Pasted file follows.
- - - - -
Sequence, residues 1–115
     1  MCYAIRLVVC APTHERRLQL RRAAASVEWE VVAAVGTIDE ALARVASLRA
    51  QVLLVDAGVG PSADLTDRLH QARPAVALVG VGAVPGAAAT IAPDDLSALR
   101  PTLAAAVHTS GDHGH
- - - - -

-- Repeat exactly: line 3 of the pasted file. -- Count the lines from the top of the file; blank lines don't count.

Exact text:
    51  QVLLVDAGVG PSADLTDRLH QARPAVALVG VGAVPGAAAT IAPDDLSALR